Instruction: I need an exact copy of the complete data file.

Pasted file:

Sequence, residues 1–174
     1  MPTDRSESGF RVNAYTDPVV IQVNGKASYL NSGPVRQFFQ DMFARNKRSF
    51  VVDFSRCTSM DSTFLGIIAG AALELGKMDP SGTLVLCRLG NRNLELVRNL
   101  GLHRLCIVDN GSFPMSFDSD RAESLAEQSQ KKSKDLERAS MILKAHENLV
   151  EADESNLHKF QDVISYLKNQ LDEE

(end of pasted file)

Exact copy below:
Sequence, residues 1–174
     1  MPTDRSESGF RVNAYTDPVV IQVNGKASYL NSGPVRQFFQ DMFARNKRSF
    51  VVDFSRCTSM DSTFLGIIAG AALELGKMDP SGTLVLCRLG NRNLELVRNL
   101  GLHRLCIVDN GSFPMSFDSD RAESLAEQSQ KKSKDLERAS MILKAHENLV
   151  EADESNLHKF QDVISYLKNQ LDEE